Ransomware: The extortionists of the new millennium

 economictimes.indiatimes.com  5/20/2017 6:46:07 PM   Suman Layak
The ransomware WannaCry broke new grounds to show how digitally vulnerable we are - using NSA’s spyware to infiltrate MS Windows and possibly holding to ransom an unreleased Disney film. Last year, ransomware extorted over $1 billion from victims. ET Magazine looks at the extortionists of the new millennium:


The current attack by ransomware WannaCry is considered the worst ever, with newer versions appearing even as solutions are found to deal with existing versions. * It surfaced on May 12, exploiting weaknesses in older versions of Windows, especially Windows XP, and locking computers and servers, demanding payments for unlocking them * The weakness of Windows was fi rst found by US surveillance agency NSA. Tools developed by the NSA were outed by hacking group ShadowBrokers in mid-2016. The Wannacry creators have used these tools to infi ltrate Windows * A kill-switch for WannaCry was accidentally found, but newer versions seem to have been launched that corrected this flaw * The ransomware has demanded payments in bitcoins, equivalent to $300-600. More than 200,000 computers/servers were affected in 150 countries

Lazarus Group

A North Korea-based cybercrime group is being suspected for perpetrating the WannaCry attack. They have been associated with Operation Troy that targeted the South Korean government in 2009-12, the attack on Sony Pictures in 2014 and on the Bangladesh Bank earlier this year

Rogues gallery: Cyber extortionists

AIDS Trojan

The first recorded ransomware attack was in 1989 and was distributed on fl oppy disks sent via post. These supposedly measured a person's risk of contracting AIDS but had a virus that encrypted data once the PC was restarted 90 times. It then demanded payment of $189 or $378 to be sent to a PO Box in Panama


The most prominent ransomware and probably the most damaging till date. It affected 250,000 systems between Septembber and November 2013 and made $3 million for its creators. In 2014, the Gameover Zeus botnet, which was behind CryptoLocker, was destroyed in a concerted global operation


After CryptoLocker was taken down, clones became active. CryptoWall and Torrentwall dominated between 2014 and 2016. By mid-2015 CryptoWall had extorted in excess of $18 million


By February 2016, Locky replaced Cryptowall as the most actively spread ransomware

TeslaCrypt or Alpha Crypt

It demanded payments in bitcoins as well as through conventional platforms like Pay-Pal. It is said to have extorted over $70,000 in 2015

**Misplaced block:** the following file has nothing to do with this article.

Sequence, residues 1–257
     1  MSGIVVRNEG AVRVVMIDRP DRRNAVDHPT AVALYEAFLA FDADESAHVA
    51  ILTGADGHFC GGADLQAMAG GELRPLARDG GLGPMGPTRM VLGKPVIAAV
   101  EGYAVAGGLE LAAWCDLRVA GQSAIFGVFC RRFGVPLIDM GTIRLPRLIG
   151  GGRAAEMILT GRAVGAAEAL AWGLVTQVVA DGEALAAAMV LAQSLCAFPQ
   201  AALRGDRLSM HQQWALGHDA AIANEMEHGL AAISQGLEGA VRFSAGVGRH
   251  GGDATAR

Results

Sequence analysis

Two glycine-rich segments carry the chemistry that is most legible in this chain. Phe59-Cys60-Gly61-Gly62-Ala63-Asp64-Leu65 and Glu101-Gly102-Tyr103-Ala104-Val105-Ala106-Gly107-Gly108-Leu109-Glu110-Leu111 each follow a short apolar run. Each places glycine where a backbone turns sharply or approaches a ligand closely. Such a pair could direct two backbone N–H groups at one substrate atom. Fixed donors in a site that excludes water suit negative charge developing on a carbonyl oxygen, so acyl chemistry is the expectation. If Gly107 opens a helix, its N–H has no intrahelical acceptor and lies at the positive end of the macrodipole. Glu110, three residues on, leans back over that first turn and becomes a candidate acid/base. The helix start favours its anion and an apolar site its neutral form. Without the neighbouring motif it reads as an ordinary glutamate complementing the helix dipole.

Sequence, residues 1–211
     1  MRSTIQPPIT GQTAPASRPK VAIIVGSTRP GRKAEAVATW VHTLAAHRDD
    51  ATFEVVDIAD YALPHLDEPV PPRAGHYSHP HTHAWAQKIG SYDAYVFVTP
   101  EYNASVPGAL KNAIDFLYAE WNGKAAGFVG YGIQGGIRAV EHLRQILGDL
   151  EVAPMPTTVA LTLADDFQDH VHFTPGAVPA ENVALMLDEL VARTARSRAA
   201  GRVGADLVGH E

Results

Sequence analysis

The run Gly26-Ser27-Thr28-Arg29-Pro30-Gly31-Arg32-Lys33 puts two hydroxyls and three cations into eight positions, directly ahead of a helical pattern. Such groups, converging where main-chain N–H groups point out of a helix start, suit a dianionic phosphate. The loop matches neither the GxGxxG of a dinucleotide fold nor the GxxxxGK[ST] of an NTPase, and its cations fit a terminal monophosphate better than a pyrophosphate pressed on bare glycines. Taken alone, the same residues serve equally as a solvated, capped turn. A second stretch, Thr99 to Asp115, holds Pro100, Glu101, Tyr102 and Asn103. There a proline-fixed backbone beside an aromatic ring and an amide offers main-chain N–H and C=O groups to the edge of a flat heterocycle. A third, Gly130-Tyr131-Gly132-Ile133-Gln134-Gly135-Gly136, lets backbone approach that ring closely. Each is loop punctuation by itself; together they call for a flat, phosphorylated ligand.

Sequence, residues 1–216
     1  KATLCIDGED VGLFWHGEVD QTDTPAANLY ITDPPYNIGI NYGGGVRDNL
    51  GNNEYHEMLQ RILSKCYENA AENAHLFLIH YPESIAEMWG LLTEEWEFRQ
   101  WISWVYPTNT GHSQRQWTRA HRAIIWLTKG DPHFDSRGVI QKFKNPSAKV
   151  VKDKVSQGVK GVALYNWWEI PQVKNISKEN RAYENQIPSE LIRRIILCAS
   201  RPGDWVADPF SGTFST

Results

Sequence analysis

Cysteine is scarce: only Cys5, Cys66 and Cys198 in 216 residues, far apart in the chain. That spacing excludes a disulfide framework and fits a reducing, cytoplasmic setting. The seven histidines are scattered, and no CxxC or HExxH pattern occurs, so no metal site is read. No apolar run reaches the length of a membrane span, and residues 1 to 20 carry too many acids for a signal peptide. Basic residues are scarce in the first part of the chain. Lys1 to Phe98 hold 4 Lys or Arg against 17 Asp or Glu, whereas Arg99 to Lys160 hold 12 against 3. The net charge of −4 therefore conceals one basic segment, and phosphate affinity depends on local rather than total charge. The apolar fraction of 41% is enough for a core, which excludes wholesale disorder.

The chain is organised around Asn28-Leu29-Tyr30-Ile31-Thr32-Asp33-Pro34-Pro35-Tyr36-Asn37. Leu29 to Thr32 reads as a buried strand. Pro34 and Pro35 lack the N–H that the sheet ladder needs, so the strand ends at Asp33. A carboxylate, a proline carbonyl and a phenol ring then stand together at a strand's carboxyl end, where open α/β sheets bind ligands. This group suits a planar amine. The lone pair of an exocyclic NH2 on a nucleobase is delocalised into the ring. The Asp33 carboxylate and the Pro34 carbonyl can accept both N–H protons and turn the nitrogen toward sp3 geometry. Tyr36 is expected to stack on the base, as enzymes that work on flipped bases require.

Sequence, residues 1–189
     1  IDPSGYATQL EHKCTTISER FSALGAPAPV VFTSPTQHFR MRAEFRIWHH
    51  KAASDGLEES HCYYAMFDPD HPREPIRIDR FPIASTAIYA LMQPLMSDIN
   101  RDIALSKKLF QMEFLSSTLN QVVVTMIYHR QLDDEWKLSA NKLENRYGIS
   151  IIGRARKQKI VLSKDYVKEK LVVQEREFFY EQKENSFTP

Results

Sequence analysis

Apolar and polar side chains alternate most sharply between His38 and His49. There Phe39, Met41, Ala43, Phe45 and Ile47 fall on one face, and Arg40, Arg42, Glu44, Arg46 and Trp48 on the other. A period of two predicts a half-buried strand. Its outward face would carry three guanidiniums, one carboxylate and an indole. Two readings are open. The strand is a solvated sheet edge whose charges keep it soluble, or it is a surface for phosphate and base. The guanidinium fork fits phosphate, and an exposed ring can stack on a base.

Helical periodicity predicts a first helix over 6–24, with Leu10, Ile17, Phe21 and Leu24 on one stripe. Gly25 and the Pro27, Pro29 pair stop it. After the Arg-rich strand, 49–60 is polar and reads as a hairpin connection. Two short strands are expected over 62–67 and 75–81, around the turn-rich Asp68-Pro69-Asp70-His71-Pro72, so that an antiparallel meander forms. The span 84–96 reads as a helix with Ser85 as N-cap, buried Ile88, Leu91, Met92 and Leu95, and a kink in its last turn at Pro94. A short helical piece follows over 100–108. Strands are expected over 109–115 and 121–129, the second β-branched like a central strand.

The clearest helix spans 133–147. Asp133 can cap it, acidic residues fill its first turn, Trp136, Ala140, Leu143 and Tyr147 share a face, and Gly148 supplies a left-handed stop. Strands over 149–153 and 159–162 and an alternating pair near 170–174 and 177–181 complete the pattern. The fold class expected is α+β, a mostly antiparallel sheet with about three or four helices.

In March 2016, it emerged as a more sophisticated version of ransomware encrypting the master fi le table, rendering the computer unusable


A later ransomware that deletes thousands of fi les for every hour that ransom is not paid

The malware primer

Malware: A short form for malicious software that is used to disrupt any computer operation to gain information or steal money

Ransomware : Software programmes or malware that are designed to deny access to data and information on a system. Often they demand a payment to undo these changes. Ransom amounts averaged around $300 in the last decade but are now hovering around $500 mark. Often, the demand is doubled if it is not met by the deadline

Botnet : A bot or a web robot is a malware that allows an attacker to take over a computer. A computer taken over by a bot is often referred to as a zombie computer. A botnet is a network of similar computers

DDoS : Distributed Denial of Service is called the older cousin of ransomware, where hackers overwhelm a machine or a server with traffi c from multiple compromised systems. A DDoS struck the servers of Dyn, which controls a lot of the domain name system (DNS) infrastructure, in 2016

Famous victims of wannacry

* French car maker Renault UK's National Health Service Russia’s Interior Ministry * Disney CEO Robert Iger said a hacker group has threatened to release one of its upcoming movies (suspected to be the new Pirates of the Caribbean or Cars 3 ) unless a ransom is paid in bitcoins. It is not clear if it is the same hacker group behind WannaCry

* The Tirupati Temple Trust reported that quite a few of its computers were affected by WannaCry as was the Andhra Pradesh Police

Emerging heroes

Marcus Hutchins

The 22-year-old Brit found the killswitch for WannaCry, accidentally, Hutchins found a domain that was being used by the ransomware and registered it. That killed much of the operating ransomware. He works for Kryptos Logic and tweets under @MalwareTechBlog

Neel Mehta

A scientist with Google, he tweeted a part of the WannaCry code along with a code used by cyber crime group Lazarus to rob the Bangladesh central bank of $81 million. This raised questions about whether WannaCry is released by the same group or is a far more devious false-fl ag operation
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